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Garbageville Week 4: The Crackdown Begins

We sift through President Trump's words and actions and figure out what important and what's not.

Welcome to the end of Trump's first month in office. Good news: You're still here. Bad news: You're still here. And with crackdowns on undocumented immigrants, the return of the travel ban, a presidential visit to a museum honoring the sacrifices of black Americans through history, a revision (i.e., the removal) of guidelines intended to protect transgender kids, and a major chicken joint being sold to America's third-best burger place, it's a rough road ahead for us all.

Immigration crackdown

On Monday, the Secretary of Homeland Security issued a memo outlining how the government will implement President Trump's executive orders on immigration.

Should I pay attention to this?

Yes. The biggest change that this DHS memo makes is to dramatically expand the class of undocumented immigrants prioritized for deportation. While the Obama administration prioritized only those who had been convicted of serious crimes, this new memo makes anyone who has ever been charged with any crime, no matter how minor, a priority for deportation. Since being an undocumented immigrant is technically a crime, this means that all of these individuals are marked as priorities for deportation.

The memo also ramps up the amount of money devoted to immigration enforcement, revives programs that deputize local law enforcement to help enforce immigration laws, and proposes that those who illegally cross the Mexican/American border be deported back to Mexico, even if that's not their country of origin.

Two fears, though, have not yet been realized. While a leaked earlier draft of this memo said that the National Guard would be employed in deporting the undocumented, this was left out of the final draft. Obama's Deferred Action for Childhood Arrivals (DACA) program, which protected those who had illegally entered the United States as minors from deportation and offered them temporary work permits, remains in place — for now.

There are a lot of moving pieces, but the upshot is that President Trump has laid the groundwork for mass deportation of undocumented immigrants, not just “bad hombres.” The truth is that Trump almost has to expand the scope of deportation in order to meet his own campaign promises. Obama's aggressive prioritization of criminals for deportation means that there might not be enough of them to deport to appease Trump's base.

Donald Trump’s nods to minorities

Donald Trump visited the National Museum of African American History and Culture on Tuesday. In his remarks afterward, he condemned anti-Semitism, saying that it “has to stop.”

Should I pay attention to this?

No. Donald Trump's remarks after his visit to the NMAAHC were typically Trumpian, which is to say that they were imprecise, delivered off the cuff, and lacked deeper meaning. The fact that they were delivered at all signals that Trump is aware of and wanted to address the accusations of anti-Semitism and anti-black racism made against him without implicating himself in fostering the environment in which they flourish. That Trump visited the museum and was apparently moved by it is good, but has no practical upshot.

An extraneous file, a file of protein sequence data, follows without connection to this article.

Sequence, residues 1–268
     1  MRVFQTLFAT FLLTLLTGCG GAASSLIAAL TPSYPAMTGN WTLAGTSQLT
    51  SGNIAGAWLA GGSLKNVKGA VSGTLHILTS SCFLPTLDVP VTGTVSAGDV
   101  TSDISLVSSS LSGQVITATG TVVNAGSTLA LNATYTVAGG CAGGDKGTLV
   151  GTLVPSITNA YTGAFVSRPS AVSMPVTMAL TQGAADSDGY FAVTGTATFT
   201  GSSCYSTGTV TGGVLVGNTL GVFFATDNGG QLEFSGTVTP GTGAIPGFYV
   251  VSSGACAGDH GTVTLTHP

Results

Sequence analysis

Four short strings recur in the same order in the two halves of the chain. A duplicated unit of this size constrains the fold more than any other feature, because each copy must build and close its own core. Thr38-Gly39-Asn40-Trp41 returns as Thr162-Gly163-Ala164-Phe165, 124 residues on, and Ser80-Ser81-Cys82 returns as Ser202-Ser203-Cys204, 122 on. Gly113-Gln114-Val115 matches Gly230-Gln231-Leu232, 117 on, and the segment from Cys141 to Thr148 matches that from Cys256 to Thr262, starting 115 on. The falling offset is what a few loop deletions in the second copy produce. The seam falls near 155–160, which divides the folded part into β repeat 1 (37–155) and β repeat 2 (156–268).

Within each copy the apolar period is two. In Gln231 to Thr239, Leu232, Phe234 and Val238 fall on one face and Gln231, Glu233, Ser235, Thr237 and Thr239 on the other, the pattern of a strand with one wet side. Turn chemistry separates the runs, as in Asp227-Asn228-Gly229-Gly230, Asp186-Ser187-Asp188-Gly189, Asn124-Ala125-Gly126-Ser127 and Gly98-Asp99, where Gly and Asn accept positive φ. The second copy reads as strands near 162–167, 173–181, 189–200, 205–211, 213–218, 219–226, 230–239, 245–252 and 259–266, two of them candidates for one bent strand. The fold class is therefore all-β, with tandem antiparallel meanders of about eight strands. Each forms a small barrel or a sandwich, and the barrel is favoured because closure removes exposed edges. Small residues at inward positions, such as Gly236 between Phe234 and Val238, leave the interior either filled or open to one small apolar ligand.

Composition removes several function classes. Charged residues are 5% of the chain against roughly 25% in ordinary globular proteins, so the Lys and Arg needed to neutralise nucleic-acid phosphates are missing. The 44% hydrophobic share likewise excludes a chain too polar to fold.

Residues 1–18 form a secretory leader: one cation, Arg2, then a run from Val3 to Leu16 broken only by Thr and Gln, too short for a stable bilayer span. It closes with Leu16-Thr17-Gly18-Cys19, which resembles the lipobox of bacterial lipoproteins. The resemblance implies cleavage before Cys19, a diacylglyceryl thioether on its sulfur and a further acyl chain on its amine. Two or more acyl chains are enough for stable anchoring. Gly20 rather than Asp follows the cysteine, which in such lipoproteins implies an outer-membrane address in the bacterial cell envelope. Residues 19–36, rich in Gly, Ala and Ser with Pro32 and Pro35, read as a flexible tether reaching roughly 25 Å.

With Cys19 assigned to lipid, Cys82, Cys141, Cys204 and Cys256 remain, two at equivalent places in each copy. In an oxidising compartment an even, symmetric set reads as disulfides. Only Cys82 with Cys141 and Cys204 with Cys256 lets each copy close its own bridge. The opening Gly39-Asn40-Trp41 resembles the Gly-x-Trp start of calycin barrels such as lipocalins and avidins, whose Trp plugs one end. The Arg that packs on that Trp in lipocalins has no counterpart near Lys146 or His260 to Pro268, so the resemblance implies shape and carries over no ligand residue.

Revised travel ban

The Trump administration's controversial travel ban, rejected by the courts, is being revised and redrafted. Originally it was supposed to come this week, but it's apparently been delayed.

Should I pay attention to this?

Keep an eye on it. The most likely result of the courts knocking down Trump's travel ban is a new executive order that would attempt to accomplish the same thing while addressing the court's objections that the ban was discriminatory. Stephen Miller said in a town hall meeting on Monday that the changes to the new executive order would be “minor” and “technical,” a perhaps unwise comment that could backfire by giving the courts ammunition to kill the ban. The Trump administration might be trying to get around allegations that the original ban was discriminatory by widening its scope.

Transgender protections withdrawn — for now

In 2016, the Justice Department issued guidance to protect transgender students in public schools, which included making sure students could use the bathroom or locker room that fit their gender identity, be referred to using the correct name and pronoun, and have their privacy protected. On Wednesday night, the Trump DOJ under Jeff Sessions withdrew that guidance, declaring that the issue required “further consideration,” and White House Press Secretary Sean Spicer followed up on Thursday by saying that the rights of transgender students were a “states' rights” issue (unlike marijuana, of course.)

Should I pay attention to this?

Yes. Technically, transgender students are still protected under Title IX of the Education Amendments of 1972, a fact that both the Department of Education and the Department of Justice alluded to in their “dear colleague” letter (which explains the new policy to the public). Cities like New York have already pledged to keep existing protections in place, but that still leaves transgender kids in rural communities and small towns in the lurch.

But that's not even the biggest part of the story. The Supreme Court will hear oral arguments next month in Gloucester County School Board v. G.G., a case centered around Gavin Grimm, a transgender teen boy who was prevented from using the men's bathroom at his Virginia high school. That case could change how schools and school boards treat transgender students across the country. For now, the White House's “withdrawal” of guidance is more confusing than concrete, especially if you're a kid just trying to go to the goddang bathroom.